Ronnie Lang

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A technically skilled player and a fine jazz improviser, Ronnie Lang has spent much of his career in fairly anonymous settings, working in the studios. He started out playing with Hoagy Carmichael's Teenagers,…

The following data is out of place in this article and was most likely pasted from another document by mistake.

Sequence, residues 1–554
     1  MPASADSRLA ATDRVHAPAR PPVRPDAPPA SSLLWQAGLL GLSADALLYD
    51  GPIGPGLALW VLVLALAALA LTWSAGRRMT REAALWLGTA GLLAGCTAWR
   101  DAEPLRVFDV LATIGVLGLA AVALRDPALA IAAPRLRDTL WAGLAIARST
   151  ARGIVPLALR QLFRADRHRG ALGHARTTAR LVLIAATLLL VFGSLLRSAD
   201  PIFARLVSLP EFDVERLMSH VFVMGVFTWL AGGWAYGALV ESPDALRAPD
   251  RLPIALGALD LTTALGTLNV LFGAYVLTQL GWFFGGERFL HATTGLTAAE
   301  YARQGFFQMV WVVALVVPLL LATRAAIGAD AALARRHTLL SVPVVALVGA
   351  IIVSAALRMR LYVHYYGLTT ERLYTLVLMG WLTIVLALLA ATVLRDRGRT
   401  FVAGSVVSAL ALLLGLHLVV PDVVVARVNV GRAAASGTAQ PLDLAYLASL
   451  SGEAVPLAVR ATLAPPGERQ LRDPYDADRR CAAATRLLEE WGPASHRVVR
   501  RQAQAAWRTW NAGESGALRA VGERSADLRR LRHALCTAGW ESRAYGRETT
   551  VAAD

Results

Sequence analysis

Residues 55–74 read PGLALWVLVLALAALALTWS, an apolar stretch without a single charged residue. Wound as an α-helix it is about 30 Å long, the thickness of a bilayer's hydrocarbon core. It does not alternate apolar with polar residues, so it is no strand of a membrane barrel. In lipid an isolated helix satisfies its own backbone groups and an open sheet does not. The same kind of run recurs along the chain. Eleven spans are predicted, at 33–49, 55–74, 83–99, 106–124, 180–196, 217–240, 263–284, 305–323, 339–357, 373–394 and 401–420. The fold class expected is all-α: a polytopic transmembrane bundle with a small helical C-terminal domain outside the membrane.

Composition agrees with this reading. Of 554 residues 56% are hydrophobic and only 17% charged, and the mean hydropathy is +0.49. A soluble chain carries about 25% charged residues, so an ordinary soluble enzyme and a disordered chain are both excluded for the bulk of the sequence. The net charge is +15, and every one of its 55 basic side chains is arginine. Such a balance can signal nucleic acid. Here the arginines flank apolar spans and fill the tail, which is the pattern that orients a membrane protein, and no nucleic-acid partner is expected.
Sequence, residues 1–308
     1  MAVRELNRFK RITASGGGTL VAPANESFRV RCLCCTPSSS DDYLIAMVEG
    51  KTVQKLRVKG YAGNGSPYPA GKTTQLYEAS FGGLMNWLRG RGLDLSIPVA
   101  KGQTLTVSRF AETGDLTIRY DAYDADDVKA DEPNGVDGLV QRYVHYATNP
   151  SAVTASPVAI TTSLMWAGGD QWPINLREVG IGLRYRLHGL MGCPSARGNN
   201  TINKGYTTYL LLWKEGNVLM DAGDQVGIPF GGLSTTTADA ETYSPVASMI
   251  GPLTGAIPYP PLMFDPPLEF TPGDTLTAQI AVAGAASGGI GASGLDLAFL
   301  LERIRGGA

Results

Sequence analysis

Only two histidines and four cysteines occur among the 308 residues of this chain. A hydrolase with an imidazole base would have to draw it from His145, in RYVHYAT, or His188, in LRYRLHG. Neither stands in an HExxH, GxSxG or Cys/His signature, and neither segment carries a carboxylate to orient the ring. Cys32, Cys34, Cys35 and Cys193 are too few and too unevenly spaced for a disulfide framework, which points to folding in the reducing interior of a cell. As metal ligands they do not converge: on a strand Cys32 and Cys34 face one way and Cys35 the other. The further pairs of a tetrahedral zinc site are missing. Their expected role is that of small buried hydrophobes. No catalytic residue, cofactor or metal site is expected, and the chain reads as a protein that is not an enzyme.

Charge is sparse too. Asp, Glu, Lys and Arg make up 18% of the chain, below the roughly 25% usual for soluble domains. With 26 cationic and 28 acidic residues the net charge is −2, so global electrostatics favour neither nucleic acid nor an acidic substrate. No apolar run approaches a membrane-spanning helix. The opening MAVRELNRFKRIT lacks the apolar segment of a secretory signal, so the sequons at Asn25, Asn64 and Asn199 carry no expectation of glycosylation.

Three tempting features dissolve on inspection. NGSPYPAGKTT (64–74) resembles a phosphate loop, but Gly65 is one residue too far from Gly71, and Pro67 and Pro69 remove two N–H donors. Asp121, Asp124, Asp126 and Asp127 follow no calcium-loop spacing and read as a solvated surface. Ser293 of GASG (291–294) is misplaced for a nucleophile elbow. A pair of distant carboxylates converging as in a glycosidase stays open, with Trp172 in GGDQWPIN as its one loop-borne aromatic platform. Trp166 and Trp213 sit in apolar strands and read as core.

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A technically skilled player and a fine jazz improviser, Ronnie Lang has spent much of his career in fairly anonymous settings, working in the studios. He started out playing with Hoagy Carmichael's Teenagers, Earl Spencer, Ike Carpenter and Skinnay Ennis (1947). Lang gained some attention during his two stints with Les Brown's Orchestra (1949-50 and 1953-56) and he recorded a bit with the Dave Pell Octet in the mid-1950's. However in 1958 he became a busy studio musician in Los Angeles (often utilized by Henry Mancini) and, although he has since appeared on many records, the altoist has been mostly a nonsoloing section player whose beautiful tone is heard primarily as part of ensembles; a major loss to jazz. Ronnie Lang's only sessions as a leader were three titles for Capitol in 1955 and a full album for Tops in 1956.